The Kazhdan-Lusztig story doesn't apply to the four exceptional cases $(E_6)_1$, $(E_7)_1$, $(E_8)_1$, $(E_8)_2$ (see this earlier question of mine).

What's special about those cases?

  • $\begingroup$ Note that the transliteration should be "Kazhdan" in your heading and text. Unfortunately I can't give a convincing answer to your question, but people like Ostrik and Finkelberg might be helpful here too (or perhaps K-L themselves). $\endgroup$ Jan 16, 2015 at 14:30
  • $\begingroup$ Can you clarify your notation here? Does the $1$ subscript denote untwisted affine Lie algebra? $\endgroup$ Jan 16, 2015 at 19:30
  • $\begingroup$ Sorry. I really should have written this more carefully. Here, $(E_6)_1$ means $E_6$ level $1$. and $(E_8)_2$ means $E_8$ level $2$. The second subscript denotes the choice of central extension of the loop Lie algebra. $\endgroup$ Jan 16, 2015 at 20:56

1 Answer 1


If I remember correctly, Kazhdan and Lusztig first pick an appropriate irreducible rigid object/module ${\bf V}^{\kappa}_{\lambda}$ in the tensor category $\tilde{\mathcal{O}}_{\kappa}$ of $\tilde{\frak{g}}$-modules (here $\kappa-h^{\vee}$ is the level). Then they use this object to prove rigidity of the whole tensor category.

But ${\bf V}^{\kappa}_{\lambda}$ is by definition an induced representation (Weyl module), where you induce from the finite-dimensional $\frak{g}$-module $L(\lambda)$. As you know, induced modules are reducible in general, so you have to choose $\ell$ negative enough in order to be irreducible (there is a simple condition for that).

For example, for $E_6$ you choose $L(\lambda)$ to be a smallest non-trivial irreducible representation (there are two of dimension $27$). Of course, you don't pick the trivial trivial representation; ${\bf V}_0^{\kappa}$ is the unit object in the category. The irreducibility condition implies $\kappa \leq -14$ [There is something wrong here; see Remark 1]. Finkelberg reverses $\kappa$ to $-\kappa$, so you get the level to be at least $14-12=2$.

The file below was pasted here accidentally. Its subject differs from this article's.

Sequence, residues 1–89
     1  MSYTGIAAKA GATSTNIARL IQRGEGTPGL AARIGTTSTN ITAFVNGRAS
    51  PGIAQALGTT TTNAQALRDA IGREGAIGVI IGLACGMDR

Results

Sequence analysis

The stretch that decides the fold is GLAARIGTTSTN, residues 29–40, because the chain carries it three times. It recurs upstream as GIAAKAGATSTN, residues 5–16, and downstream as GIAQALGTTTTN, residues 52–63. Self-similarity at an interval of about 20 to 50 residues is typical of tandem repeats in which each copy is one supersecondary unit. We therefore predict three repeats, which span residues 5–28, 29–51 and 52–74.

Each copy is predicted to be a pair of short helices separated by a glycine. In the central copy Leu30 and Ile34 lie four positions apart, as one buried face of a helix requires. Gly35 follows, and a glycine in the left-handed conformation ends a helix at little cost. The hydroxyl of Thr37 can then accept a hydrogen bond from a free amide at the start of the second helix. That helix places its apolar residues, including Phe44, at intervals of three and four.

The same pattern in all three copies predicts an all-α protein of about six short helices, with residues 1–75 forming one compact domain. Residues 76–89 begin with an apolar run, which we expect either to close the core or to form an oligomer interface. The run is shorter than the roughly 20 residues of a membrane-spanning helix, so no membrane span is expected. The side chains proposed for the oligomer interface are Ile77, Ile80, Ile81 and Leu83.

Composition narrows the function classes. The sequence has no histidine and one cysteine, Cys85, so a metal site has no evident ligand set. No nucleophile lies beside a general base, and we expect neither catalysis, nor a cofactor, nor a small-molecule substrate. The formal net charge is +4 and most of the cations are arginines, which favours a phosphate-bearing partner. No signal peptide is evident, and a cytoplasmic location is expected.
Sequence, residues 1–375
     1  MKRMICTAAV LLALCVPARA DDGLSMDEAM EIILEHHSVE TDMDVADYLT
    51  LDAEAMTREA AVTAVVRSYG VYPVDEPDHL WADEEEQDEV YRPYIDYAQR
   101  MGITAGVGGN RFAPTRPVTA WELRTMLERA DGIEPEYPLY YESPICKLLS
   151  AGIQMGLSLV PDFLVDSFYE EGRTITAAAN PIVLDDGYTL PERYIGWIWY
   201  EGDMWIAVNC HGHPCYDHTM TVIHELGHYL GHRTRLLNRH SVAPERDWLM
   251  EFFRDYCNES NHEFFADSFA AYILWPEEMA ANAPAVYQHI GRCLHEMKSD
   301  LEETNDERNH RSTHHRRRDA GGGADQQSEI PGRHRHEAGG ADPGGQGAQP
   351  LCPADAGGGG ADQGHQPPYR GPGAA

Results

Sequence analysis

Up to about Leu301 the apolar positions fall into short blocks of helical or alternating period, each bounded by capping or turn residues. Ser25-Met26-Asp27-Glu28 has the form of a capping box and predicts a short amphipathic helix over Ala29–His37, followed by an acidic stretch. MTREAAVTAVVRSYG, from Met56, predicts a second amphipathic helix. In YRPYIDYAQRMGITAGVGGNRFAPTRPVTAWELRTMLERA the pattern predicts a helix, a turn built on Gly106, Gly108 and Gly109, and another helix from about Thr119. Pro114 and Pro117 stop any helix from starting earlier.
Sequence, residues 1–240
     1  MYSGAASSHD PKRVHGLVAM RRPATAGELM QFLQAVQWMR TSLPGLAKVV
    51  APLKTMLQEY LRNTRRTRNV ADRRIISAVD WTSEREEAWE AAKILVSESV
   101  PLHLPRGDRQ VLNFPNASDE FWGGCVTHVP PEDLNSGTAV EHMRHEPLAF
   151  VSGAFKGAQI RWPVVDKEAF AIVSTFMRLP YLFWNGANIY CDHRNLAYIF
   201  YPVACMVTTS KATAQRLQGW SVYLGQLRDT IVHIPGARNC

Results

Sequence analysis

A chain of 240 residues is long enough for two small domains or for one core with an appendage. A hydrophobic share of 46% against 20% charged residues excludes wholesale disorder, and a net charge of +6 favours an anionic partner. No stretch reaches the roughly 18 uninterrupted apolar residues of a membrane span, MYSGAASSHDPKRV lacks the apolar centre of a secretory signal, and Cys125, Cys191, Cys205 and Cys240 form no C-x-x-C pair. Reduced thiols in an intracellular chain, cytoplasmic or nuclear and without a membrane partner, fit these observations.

Remark 1: What I said above is probably incorrect. In KL (Part I, Proposition 2.12) it was proved that ${\bf V}^\kappa_{\lambda}$ is irreducible if $\langle \lambda+ 2\rho, \lambda \rangle < -2\kappa$, where $\kappa \in \mathbb{Q}_{<0}$. For $E_6$ there are two $27$-dimensional modules $L(\omega_1)$ and $L(\omega_5)$ of dimension $27$. For $\omega_1$ (same for $\omega_5$) I'm getting $\langle \omega_1+2 \rho,\omega_1 \rangle=17.33..$ so $\kappa \leq -9$ already guarantees irreducibility. I guess one also has to consider the rigidity condition (Part IV).

Remark 2: There seems to be a mismatch between the values of $\kappa$ for which $\tilde{\mathcal{O}}_{-\kappa}$ is rigid in Finkelberg's paper and in KL. In 3.15 (Corollary 2) of KL, Part IV, they list $\kappa \geq 14,20,{\bf 26}$ for $E_{6,7,8}$ resp. while Finkelberg (in Section 2.6) claims $\kappa \geq 14,20,{\bf 33}$, referring to the same result of KL. It's either a typo or Finkelberg for some reason chooses more conservative lower bound $3+h^{\vee}$ which applies to all types. If $\kappa \geq 26$ for $E_8$ is correct, level 1 and 2 are non-issues.

  • $\begingroup$ Let me try to understand your sentence "The irreducibility condition implies κ=−13". Are you saying that for e.g. $E_6$ level $-13$ (which corresponds to level 1 under the reflection) and $V$ one of the 27-dimensional irrep, that the induced representation will fail to be irreducible? $\endgroup$ Jan 17, 2015 at 21:22

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